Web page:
In Chernobyl’s Stray Dogs, Scientists Look for Genetic Effects of Radiation
The project is a collaboration among scientists in the United States, Ukraine and Poland, as well as the Clean Futures Fund, a nonprofit based in the United States that works in Chernobyl. The nonprofit, which was established in 2016, began as an effort to provide health care and support to the power plant employees, who still work in the exclusion zone.
But the organization soon realized that Chernobyl’s canine residents needed help, too. Although the dog population boomed during the summer, it often crashed in the winter, when food became scarce. Rabies was an ongoing concern.
In 2017, the Clean Futures Fund began holding veterinary clinics for the local dogs, providing care, administering vaccines, and spaying and neutering the animals. The researchers piggybacked on these clinics to collect blood samples from 302 dogs living in different locations in and around the exclusion zone.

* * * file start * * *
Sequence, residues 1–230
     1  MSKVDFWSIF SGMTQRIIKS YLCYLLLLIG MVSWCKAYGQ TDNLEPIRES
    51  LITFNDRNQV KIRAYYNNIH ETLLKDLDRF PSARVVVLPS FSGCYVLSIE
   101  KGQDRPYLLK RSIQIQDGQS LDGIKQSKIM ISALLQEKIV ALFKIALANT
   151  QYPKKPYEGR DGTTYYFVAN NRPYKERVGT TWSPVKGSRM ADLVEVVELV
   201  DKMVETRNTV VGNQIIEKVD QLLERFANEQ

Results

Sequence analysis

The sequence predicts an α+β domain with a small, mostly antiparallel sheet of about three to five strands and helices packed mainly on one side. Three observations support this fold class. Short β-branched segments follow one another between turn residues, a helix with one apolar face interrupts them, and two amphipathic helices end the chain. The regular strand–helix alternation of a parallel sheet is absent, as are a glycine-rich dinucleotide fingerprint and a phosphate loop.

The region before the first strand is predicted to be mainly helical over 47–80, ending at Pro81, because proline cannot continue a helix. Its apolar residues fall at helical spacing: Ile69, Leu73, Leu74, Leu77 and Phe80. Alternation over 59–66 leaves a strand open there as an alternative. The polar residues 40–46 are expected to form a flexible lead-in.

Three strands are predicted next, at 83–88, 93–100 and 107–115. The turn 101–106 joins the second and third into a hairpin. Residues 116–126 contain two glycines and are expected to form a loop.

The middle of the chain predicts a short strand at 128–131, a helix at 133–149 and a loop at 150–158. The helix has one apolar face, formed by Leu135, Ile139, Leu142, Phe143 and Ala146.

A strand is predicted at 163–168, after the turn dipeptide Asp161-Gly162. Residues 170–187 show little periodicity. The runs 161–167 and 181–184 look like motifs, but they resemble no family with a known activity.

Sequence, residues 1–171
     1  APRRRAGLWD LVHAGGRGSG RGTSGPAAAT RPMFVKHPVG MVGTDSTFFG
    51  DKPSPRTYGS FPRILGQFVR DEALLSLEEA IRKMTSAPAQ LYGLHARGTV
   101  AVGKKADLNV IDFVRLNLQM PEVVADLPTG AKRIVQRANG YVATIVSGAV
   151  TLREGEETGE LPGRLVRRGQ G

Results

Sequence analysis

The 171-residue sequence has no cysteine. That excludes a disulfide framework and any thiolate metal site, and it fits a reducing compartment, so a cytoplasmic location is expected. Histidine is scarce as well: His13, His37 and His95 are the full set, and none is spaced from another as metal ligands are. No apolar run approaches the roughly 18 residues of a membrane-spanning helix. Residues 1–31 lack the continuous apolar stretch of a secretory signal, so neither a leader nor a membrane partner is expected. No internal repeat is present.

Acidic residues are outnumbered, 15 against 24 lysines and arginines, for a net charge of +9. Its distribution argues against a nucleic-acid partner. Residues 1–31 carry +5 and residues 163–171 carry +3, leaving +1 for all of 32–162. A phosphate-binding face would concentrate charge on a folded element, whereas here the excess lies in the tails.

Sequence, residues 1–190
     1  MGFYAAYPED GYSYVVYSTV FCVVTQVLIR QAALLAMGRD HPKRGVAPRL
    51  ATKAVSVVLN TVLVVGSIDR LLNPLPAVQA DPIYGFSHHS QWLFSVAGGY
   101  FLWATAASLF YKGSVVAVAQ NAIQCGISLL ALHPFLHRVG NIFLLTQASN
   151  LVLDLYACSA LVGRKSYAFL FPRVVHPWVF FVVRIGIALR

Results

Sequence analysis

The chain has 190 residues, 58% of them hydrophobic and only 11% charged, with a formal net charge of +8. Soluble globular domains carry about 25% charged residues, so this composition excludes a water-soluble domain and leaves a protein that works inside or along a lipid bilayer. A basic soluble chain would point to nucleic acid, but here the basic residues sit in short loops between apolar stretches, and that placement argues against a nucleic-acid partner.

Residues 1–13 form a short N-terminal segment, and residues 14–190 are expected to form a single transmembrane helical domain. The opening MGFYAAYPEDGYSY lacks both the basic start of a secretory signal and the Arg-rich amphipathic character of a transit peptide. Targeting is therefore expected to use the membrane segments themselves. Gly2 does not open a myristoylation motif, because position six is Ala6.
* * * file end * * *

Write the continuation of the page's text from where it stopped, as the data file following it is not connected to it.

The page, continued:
Nearly half of the dogs lived in the immediate vicinity of the power plant, while the other half lived in Chernobyl City, a lightly occupied residential area about nine miles away. (A small number of samples came from dogs in Slavutych, a city built for evacuated power plant workers, nearly 30 miles away.)
Although there was some overlap between the canine populations, in general, the power plant dogs were genetically distinct from the Chernobyl City dogs, the researchers found. There appeared to be little gene flow between the two groups, suggesting that they rarely interbred. (Physical security barriers around the power plant may have helped keep the dogs apart, the researchers noted.)
“I was completely surprised by the near total differentiation between the two populations, the fact that they’ve existed really in relative isolation for quite some time,” said Timothy Mousseau, a biologist at the University of South Carolina and the other senior author of the study.
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